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Dave Carter
Dave Carter
  • 3 Minute Read
  • 11th May 2021

Flexible workspaces offer a lifeline for workers facing WFH burnout

Prolonged enforced working from home is taking a heavy toll on our mental and physical health. If you’re experiencing increased anxiety, disrupted sleep patterns and developing unhealthy habits, you could be suffering from “working from home (WFH) burnout”. In this article we look at what WFH burnout is, how to recognise it and what you can do about it. We explore how flexible workspaces can play a key role in combatting this negative legacy of lockdown.

What is WFH Burnout?

It’s well documented that during the pandemic, stress and anxiety levels are sky-high. In a 2018 survey The Mental Health Foundation found that 74% of UK adults had felt so stressed at some point over the year that they felt overwhelmed or unable to cope. The pandemic has greatly amplified these issues and according to Forbes 69% of employees are experiencing burnout symptoms while working from home.

However, stress does not only manifest itself in our mental health, it is also linked to physical health problems like heart disease, problems with our immune system, insomnia and digestive problems.

"Burnout isn’t a clinical diagnosis under Diagnostic and Statistical Manual of Mental Disorders (DSM) criteria, but it is a well-known concept in the world of psychology with symptoms including increases in anxiety, low mood, difficulty coping, and health issues.” says Psychotherapist Owen O’Kane, author of the best-seller, “Ten Times Happier”.

The Tell-Tale Signs of WFH Burnout

  • Mood Changes - If you notice changes in mood ranging from irritability, demotivation, sadness or more regular outbursts of anger, this could indicate that your coping strategies are low and your possibly experiencing burnout.
  • Increased Anxiety - Worry is a key symptom of anxiety which is often seen with burnout. If you are worrying about many things and your mind is overloaded, then it’s time to slow down and view your anxiety as a warning sign of potential burnout.
  • Changes in Sleep Patterns – Most of us need 7-8 hours sleep per day. Difficulty falling asleep, staying asleep or waking up earlier than normal could be another sign of burnout.
  • Withdrawing from everyday life - This can present itself in a number of ways ranging from loss of interest in life to avoiding people. There is a risk that increased time at home and lack of routine makes it more difficult to engage in life.
  • Unhealthy Habits - Burnout is uncomfortable with many difficult feelings. It is normal to numb or soothe these feelings with unhealthy habits like increases in alcohol consumption, drugs, medication, food, or excess shopping.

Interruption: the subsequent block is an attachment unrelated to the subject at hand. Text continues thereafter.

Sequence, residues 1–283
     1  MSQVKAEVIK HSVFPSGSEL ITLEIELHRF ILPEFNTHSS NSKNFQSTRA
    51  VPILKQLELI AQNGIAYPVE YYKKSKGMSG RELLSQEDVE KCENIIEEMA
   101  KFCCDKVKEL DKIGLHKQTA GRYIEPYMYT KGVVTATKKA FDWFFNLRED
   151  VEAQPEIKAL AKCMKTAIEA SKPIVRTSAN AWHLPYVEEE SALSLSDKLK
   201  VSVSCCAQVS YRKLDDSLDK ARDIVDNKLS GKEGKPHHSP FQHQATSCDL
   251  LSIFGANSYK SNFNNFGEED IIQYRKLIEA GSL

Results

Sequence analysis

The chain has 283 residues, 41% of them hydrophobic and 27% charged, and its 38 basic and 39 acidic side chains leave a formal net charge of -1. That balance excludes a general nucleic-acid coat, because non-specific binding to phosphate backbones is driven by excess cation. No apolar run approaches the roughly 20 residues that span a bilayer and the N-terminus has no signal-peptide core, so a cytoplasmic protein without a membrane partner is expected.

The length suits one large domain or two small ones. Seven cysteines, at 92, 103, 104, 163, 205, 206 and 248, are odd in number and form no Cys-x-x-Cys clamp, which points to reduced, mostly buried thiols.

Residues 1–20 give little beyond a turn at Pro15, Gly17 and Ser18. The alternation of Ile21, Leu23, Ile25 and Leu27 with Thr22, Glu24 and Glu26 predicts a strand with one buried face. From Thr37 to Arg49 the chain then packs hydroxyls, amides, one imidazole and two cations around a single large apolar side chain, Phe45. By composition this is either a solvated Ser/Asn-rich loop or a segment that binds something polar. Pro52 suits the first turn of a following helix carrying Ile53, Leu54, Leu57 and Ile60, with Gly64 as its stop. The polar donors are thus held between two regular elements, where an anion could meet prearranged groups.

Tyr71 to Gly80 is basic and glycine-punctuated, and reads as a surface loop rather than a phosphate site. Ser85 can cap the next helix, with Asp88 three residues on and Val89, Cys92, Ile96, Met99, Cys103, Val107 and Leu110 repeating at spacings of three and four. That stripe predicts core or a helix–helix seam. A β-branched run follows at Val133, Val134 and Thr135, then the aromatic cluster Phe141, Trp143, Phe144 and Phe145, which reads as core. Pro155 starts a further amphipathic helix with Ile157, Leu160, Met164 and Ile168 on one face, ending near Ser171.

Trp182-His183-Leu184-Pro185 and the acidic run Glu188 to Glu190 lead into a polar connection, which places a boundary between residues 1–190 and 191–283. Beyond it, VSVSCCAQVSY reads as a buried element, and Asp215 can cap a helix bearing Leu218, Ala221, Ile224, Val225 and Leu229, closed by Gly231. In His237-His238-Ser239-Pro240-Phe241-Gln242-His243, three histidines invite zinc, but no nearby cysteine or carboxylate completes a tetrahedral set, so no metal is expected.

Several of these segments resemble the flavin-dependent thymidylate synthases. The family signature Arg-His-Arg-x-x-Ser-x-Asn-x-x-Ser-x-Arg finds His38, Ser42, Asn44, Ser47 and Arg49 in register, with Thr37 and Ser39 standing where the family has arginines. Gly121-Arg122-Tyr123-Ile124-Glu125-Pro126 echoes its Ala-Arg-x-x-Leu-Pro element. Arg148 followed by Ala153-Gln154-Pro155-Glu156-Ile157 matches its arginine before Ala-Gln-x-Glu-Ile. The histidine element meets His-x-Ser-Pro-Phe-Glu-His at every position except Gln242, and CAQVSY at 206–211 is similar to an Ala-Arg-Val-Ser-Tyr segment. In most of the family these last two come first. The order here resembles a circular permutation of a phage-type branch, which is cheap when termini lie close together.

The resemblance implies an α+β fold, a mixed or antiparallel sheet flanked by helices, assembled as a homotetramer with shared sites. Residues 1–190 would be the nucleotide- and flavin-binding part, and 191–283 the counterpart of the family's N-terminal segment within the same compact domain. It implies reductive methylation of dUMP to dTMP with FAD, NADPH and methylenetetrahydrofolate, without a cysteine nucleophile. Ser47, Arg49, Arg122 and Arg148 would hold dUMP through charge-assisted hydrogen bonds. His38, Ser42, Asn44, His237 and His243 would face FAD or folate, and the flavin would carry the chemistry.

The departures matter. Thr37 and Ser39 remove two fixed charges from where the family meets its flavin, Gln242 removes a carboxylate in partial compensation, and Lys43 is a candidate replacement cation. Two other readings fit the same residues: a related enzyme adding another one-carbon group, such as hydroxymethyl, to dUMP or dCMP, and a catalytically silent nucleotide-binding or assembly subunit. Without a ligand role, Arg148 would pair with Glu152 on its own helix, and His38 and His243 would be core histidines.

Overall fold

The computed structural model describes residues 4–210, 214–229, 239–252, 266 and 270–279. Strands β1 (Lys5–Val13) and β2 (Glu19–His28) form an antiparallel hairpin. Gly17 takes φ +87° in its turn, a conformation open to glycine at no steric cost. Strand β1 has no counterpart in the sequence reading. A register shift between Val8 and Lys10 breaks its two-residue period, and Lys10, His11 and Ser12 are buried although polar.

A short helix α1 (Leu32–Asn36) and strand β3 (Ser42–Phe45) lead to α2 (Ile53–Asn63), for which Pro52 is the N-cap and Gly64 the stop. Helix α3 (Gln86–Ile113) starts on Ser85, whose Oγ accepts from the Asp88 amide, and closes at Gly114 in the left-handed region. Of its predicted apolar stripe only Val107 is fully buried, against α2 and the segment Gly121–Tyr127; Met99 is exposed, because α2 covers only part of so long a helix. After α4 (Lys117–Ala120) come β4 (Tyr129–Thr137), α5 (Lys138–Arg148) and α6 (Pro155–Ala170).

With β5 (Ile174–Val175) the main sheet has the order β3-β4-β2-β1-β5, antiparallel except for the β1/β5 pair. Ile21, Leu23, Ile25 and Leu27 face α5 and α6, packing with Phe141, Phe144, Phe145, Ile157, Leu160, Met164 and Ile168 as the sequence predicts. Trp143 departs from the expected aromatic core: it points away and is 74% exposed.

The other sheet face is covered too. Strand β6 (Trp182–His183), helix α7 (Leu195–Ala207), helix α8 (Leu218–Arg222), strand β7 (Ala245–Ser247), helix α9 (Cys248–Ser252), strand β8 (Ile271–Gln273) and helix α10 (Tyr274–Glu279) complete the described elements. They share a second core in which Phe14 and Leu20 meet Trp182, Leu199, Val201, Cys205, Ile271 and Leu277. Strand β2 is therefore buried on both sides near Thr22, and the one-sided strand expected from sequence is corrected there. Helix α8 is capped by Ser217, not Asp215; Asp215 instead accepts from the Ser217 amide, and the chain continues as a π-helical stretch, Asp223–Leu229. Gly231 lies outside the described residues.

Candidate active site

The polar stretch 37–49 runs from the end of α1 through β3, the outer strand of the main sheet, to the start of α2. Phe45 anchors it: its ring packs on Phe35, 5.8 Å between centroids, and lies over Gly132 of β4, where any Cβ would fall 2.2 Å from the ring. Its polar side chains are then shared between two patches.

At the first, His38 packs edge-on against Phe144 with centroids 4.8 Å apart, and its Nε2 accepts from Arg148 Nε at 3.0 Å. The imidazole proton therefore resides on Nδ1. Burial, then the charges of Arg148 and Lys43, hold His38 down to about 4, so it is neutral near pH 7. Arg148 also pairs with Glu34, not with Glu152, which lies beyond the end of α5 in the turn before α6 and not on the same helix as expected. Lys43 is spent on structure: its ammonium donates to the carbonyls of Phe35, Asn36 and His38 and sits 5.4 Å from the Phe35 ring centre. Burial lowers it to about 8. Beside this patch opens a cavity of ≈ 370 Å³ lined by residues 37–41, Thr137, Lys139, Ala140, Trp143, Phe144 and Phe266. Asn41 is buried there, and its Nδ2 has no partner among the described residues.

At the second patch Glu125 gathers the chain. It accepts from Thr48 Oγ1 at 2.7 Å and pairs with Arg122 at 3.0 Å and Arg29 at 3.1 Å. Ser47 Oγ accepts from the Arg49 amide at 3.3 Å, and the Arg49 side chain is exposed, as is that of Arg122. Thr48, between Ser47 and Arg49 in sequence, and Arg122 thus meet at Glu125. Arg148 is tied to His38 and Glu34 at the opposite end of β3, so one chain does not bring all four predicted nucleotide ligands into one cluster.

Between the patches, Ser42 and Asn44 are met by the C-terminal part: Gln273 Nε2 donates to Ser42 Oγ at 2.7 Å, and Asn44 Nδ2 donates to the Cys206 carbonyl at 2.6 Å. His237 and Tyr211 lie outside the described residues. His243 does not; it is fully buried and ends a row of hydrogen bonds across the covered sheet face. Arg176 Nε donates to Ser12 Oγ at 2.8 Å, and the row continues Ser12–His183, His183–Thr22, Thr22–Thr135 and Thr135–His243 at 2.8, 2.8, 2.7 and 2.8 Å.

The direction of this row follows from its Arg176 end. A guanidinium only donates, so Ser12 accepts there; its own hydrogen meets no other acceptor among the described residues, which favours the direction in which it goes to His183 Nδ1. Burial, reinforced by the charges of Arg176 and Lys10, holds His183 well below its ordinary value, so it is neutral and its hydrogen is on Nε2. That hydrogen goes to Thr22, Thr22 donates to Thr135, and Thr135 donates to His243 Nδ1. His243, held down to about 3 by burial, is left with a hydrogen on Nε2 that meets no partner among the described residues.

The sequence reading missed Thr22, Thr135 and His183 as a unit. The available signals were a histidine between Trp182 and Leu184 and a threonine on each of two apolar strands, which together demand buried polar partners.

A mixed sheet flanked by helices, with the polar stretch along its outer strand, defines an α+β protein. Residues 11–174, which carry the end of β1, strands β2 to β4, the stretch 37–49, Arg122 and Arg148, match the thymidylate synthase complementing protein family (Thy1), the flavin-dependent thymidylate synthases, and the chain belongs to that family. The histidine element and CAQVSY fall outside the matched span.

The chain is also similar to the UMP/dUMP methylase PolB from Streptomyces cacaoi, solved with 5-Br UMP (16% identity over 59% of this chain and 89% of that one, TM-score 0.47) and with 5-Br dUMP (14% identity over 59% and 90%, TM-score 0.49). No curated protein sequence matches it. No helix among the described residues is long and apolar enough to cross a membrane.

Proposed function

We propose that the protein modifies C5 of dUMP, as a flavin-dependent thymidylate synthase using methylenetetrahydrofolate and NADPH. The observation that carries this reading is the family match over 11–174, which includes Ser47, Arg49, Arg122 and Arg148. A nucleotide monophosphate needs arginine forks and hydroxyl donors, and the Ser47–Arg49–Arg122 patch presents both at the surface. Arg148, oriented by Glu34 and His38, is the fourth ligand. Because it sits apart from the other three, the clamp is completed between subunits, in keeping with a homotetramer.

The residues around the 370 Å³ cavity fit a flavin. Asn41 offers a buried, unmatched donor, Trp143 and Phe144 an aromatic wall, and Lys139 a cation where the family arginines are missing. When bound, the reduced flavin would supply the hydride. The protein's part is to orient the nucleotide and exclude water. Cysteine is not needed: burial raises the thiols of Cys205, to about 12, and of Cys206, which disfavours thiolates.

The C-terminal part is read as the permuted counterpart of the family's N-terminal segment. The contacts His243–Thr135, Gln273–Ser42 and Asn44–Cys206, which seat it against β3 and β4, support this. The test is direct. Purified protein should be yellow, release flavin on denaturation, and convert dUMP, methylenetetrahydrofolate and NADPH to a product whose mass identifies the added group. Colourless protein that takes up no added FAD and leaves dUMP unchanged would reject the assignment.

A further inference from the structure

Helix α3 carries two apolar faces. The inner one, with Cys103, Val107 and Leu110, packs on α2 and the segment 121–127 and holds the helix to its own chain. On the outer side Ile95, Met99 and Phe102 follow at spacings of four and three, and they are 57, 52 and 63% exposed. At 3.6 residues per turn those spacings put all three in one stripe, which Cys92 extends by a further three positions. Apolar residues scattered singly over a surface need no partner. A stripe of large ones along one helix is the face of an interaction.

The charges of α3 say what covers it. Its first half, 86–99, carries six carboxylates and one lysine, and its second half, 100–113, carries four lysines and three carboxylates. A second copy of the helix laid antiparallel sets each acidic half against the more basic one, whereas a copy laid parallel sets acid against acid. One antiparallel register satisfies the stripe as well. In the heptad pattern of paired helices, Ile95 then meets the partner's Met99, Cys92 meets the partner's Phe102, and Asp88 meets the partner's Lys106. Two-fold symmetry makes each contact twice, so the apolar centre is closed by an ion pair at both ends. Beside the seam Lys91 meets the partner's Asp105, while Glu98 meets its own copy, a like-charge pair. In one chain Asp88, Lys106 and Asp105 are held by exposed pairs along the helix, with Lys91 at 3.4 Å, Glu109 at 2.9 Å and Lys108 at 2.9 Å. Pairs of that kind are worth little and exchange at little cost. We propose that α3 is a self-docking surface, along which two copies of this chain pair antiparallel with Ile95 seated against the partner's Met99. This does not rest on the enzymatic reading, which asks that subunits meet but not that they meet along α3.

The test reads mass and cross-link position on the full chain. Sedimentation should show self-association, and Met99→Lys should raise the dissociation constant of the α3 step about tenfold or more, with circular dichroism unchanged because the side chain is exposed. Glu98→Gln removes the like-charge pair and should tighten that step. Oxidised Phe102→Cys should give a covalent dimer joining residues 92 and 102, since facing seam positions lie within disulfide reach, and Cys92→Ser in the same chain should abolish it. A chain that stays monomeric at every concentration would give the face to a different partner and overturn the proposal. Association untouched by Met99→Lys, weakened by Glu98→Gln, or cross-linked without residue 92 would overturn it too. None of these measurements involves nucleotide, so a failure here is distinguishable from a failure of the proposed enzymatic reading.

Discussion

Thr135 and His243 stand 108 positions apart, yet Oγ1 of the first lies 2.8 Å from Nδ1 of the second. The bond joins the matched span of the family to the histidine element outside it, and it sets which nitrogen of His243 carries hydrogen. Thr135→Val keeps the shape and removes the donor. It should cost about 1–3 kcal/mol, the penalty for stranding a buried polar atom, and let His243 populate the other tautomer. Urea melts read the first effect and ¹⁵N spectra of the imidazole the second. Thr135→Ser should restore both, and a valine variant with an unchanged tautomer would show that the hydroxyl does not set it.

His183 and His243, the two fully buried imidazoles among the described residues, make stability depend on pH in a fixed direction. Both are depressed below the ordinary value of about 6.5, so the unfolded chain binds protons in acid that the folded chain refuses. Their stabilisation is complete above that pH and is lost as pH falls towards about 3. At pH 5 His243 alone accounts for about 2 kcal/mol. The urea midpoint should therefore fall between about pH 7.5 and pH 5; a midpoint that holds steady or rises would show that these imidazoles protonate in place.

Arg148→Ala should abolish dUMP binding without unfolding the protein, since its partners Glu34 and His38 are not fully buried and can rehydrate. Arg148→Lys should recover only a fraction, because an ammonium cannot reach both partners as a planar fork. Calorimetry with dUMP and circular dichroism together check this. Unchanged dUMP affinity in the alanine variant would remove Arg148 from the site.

• Declining physical health - When ‘burnout’ starts to manifest it will result in detrimental changes in general health. Issues such as headaches, high blood pressure, gastric problems and cardiovascular problems have all been linked.

Great Ways To Combat WFH burnout

Experts agree that there are a number of self-help ways to combat the effects of WFH burnout. Breaking up your routine and discovering new interests and habits will make life more interesting. Getting as little as 10 minutes exercise each day can boost those important serotonin levels. Talking to someone you trust can help you deal with your emotions and spending some time outdoors with nature will increase endorphins and help you feel better. Most important of all is to ask for help if you are struggling, it’s a sign of strength, not weakness.

Swap Your Dining Room Table For a Flexible Workspace

If you are seeking a practical solution that gets to the root cause of WFH burnout, then utilising a flexible workspace could be the answer.

Flexible workspaces take many forms, from hot desks and coworking spaces through to serviced offices and fully managed private offices. A flexible office is work ready, with a raft of services and amenities (IT, Communications, Furniture, Meeting Rooms, Security) supplied, all available for rental, short or long term. Flex offices are fulfilling a need for companies who want to offer employees a “third place” to work. Local flexible offices are being used as an alternative to permanent working from home and avoid the need to commute long distances to a city centre HQ.

Unlike the home dining room, a flexible office is a purpose-built office environment where you can work seamlessly and productively. The shared community aspect of many flexible offices is a lifeline for those workers who crave social interaction and collaboration. Water cooler conversations and face to face meetings have never been so valuable.

Flexible office providers are keen to combat the expected fallout from extended periods of working from home. As well as being up to date on the latest safety guidelines at the workstations themselves, many flexible workspace operators provide COVID-19 secure wellness and health programmes to help keep residents’ minds healthy as well as their bodies.

Take a look at the fabulous flexible workspaces available today and you might find it’s the best antidote for WFH burnout.